If a director is charged with misconduct, the Insolvency Service could apply any of a series of penalties. This includes the following:
- Disqualification of a director’s license for up to 15 years
- Personal liability for company debt
- An order to repay money to the company
- Prison sentence
While directors are certainly not guaranteed to face the above penalties, it is often best to avoid compulsory liquidation if at all possible.
Members’ Voluntary Liquidation
Although the previous two types of liquidation were for insolvent companies, liquidation as a whole has a broader audience. A Members’ Voluntary Liquidation (MVL) specialises in helping solvent companies close, while keeping as much of their retained profits as possible.
The MVL process is incredibly tax efficient. It aims to ensure large companies with vast reserves of retained profits don’t have to pay an exorbitant tax bill. This is accomplished in two ways. Firstly, gains realised under the MVL procedure will be taxed under Capital Gains Tax rates, rather than Income Tax rates. CGT rates are much lower than Income Tax rates, so companies can retain more of their money. Secondly, the MVL procedure allows directors to apply for Business Asset Disposal Relief (BADR), which was previously known as Entrepreneurs’ Relief. BADR allows eligible directors to claim a significant tax break, up to a lifetime limit of £1 million. These two factors combined result in significant tax savings for companies undergoing an MVL.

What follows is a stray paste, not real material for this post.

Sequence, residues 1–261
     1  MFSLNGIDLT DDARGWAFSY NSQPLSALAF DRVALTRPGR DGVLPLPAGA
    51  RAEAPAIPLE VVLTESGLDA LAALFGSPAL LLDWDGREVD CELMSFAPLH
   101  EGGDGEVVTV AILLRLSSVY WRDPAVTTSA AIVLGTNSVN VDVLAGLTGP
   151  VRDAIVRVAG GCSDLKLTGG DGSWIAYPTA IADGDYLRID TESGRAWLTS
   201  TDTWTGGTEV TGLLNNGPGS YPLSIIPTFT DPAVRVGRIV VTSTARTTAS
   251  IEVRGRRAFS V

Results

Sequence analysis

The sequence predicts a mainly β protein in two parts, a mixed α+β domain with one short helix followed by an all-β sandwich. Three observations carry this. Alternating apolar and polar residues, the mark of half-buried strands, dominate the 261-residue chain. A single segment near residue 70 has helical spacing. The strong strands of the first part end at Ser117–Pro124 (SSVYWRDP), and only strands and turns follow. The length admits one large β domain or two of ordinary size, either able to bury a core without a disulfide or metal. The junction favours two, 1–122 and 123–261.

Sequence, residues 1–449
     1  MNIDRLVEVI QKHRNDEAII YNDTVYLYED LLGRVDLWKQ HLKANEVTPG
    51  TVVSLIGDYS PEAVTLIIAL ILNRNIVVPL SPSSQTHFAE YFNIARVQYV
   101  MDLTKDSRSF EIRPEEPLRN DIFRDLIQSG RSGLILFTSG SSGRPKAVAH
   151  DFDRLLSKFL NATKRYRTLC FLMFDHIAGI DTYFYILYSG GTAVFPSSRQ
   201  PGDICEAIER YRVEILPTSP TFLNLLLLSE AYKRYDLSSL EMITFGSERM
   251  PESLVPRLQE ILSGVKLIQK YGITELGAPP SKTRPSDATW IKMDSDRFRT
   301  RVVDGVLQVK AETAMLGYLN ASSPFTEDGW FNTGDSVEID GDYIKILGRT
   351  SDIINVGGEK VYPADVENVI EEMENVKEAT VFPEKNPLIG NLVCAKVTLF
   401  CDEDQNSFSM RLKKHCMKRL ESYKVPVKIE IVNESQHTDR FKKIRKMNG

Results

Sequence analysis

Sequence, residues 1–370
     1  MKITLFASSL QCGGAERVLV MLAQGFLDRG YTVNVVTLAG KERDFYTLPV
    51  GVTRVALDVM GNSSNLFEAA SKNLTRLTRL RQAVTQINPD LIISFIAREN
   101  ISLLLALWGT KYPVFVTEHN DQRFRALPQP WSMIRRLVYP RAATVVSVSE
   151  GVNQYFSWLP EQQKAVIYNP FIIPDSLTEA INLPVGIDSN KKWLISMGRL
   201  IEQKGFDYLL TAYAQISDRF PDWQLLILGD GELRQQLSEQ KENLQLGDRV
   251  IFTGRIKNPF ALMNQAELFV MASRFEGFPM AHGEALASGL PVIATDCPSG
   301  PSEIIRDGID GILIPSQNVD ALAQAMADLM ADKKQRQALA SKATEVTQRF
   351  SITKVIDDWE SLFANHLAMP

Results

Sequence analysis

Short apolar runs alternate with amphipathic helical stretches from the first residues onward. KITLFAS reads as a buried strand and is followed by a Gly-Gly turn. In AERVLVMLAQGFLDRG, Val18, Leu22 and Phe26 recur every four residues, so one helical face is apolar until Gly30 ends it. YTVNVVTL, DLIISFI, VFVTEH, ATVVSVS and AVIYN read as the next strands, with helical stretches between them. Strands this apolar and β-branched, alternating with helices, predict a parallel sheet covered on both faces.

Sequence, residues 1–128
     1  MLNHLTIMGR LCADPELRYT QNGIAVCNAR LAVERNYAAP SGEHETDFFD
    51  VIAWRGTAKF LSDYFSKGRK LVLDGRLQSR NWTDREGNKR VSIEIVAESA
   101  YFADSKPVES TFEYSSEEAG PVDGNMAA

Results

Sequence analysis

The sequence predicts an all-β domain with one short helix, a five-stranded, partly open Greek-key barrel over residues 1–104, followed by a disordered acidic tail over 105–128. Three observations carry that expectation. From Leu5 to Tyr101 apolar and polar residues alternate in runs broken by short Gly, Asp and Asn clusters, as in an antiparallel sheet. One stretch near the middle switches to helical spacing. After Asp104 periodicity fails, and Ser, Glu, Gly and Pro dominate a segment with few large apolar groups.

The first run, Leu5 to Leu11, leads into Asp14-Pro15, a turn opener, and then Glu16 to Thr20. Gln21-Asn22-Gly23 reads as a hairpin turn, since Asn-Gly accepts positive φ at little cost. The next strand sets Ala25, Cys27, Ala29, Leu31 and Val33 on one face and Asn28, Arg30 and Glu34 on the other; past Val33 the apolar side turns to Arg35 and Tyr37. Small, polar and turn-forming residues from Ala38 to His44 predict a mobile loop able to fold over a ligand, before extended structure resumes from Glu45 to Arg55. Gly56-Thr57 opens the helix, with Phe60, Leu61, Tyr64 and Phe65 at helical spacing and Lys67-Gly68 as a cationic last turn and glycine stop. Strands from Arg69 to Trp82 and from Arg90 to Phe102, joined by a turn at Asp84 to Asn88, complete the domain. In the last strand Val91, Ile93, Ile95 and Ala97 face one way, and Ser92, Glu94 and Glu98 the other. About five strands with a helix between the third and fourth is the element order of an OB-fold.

Clarke Bell can help
If you are considering placing your company into liquidation, don’t go it alone; let Clarke Bell help. We have more than 28 years of experience in helping companies close down in the best way possible, and we can do the same for you. Don’t hesitate to contact us today for a free, no-obligation consultation and find out exactly what we can do for you.